Thonet and his Bentwood Revolution

Even German-Austrian cabinet maker Michael Thonet could not have fully known how his invention of bentwood furniture would revolutionize the way that craftsmen in many other areas would utilize this process. Although his stylish bentwood chair adorns the showrooms and living rooms, numerous others would find utility in the process he invented. For example, staircase banisters, canoes, musical instruments such as cellos and basket rims would all be impossible but for the process of bending wood. Thonet took a medium – wood – that was thought of as inflexible and made it pliable. But how is this process done? What turns a seemingly static object such as wood into a living thing that bends, winds, turns and is ready to conform to a number of applications?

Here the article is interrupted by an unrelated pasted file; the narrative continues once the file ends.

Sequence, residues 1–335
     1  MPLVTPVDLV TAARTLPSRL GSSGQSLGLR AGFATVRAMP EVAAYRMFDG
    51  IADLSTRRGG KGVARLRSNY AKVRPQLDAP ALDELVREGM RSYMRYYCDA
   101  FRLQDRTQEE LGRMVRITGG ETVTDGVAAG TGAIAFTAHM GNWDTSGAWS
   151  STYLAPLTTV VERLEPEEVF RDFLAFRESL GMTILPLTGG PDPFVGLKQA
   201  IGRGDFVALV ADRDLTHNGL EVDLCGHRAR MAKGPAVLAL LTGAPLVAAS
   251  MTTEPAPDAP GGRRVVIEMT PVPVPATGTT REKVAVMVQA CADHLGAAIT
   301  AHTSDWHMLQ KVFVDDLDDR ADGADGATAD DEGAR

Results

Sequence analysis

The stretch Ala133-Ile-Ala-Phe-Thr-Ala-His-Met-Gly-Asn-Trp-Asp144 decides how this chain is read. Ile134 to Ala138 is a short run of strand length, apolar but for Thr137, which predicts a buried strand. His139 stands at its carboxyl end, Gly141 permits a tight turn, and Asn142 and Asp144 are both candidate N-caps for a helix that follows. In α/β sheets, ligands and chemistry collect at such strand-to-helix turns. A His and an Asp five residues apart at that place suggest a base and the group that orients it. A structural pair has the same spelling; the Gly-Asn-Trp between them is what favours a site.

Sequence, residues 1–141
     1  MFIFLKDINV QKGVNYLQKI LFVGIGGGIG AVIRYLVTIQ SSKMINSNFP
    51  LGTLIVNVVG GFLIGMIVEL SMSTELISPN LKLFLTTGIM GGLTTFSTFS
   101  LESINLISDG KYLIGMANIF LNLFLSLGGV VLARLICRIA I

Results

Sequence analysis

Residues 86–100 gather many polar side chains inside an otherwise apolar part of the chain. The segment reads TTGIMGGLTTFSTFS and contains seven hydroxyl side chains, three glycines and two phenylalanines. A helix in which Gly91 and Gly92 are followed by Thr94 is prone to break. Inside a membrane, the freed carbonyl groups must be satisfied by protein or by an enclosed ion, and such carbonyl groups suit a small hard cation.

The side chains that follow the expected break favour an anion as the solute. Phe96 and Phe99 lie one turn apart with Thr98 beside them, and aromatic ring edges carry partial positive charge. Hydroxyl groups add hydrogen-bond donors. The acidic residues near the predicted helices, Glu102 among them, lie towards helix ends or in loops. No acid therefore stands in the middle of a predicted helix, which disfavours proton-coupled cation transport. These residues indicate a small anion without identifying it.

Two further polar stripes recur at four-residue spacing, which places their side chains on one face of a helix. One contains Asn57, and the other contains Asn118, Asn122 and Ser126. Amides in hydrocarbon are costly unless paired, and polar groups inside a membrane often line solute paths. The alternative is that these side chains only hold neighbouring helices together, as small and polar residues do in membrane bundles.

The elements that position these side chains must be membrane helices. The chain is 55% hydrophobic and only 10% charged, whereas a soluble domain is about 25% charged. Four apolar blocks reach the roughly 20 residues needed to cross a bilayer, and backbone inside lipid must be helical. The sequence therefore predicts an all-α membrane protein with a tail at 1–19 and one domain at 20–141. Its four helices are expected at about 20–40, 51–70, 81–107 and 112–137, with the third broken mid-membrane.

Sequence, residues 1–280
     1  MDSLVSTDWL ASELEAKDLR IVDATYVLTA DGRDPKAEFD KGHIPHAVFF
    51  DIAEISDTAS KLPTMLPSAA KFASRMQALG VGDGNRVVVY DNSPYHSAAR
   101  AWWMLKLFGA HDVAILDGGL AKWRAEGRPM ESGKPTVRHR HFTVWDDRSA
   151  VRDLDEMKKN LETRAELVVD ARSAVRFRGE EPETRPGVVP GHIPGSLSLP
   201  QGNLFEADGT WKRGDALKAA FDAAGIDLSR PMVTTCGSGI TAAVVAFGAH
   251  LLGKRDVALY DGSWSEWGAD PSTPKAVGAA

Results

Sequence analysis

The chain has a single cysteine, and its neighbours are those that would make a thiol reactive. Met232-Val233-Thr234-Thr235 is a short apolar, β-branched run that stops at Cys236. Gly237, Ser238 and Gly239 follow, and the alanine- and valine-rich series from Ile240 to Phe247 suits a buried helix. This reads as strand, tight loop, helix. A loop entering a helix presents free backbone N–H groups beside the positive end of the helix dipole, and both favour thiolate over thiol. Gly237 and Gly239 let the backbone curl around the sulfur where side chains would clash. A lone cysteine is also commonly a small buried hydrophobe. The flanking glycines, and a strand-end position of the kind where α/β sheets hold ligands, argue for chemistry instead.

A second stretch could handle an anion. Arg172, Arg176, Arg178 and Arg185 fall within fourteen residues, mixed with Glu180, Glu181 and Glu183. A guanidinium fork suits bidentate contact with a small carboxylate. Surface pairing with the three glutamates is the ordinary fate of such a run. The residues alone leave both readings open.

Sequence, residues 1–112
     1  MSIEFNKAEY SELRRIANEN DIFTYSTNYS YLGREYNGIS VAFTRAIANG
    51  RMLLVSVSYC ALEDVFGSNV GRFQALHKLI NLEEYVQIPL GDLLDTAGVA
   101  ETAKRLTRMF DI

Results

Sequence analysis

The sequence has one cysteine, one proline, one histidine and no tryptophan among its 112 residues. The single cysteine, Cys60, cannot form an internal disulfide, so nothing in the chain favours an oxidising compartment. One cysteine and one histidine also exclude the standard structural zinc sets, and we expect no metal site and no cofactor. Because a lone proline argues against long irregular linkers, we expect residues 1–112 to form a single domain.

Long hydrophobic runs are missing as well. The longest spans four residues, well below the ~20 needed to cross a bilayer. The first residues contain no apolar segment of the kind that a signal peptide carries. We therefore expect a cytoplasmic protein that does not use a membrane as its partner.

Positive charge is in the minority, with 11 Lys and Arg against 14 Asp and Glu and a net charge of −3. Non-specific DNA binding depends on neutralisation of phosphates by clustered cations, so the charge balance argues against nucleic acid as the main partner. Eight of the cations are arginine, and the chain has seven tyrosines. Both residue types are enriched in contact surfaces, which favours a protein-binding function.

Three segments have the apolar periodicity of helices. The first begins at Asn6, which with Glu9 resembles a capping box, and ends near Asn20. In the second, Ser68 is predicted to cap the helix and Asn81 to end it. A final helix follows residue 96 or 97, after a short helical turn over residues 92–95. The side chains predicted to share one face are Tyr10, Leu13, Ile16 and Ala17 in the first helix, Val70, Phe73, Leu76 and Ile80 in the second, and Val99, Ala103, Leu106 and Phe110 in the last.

The first key to steam bending wood comes in properly selecting the wood to be bent. Not all wood lends itself to bending. (Common softwoods for bending include: pine, fir, spruce, hemlock, cedar and redwood). Thonet discovered this after exhaustive experimentation with the medium. The wood is then soaked in water (or steamed). After that a steel mold is added to help shape the wood. Once it is malleable, it can be shaped into any design the maker chooses. The furniture we sell at Bauhaus2YourHouse is a tribute to the hard work of visionaries like Thonet. We also honor pieces such as modernist Le Corbusier’s chrome and leather masterpieces. His well known Corbusier chair is also an example of one man’s unconventional approach to design. So whether you desire one of Thonet’s bentwood chair or Corbusier modernist pieces, Bauhaus2YourHouse is the perfect resource for those of you who appreciate fine furniture.b2h_logo_110w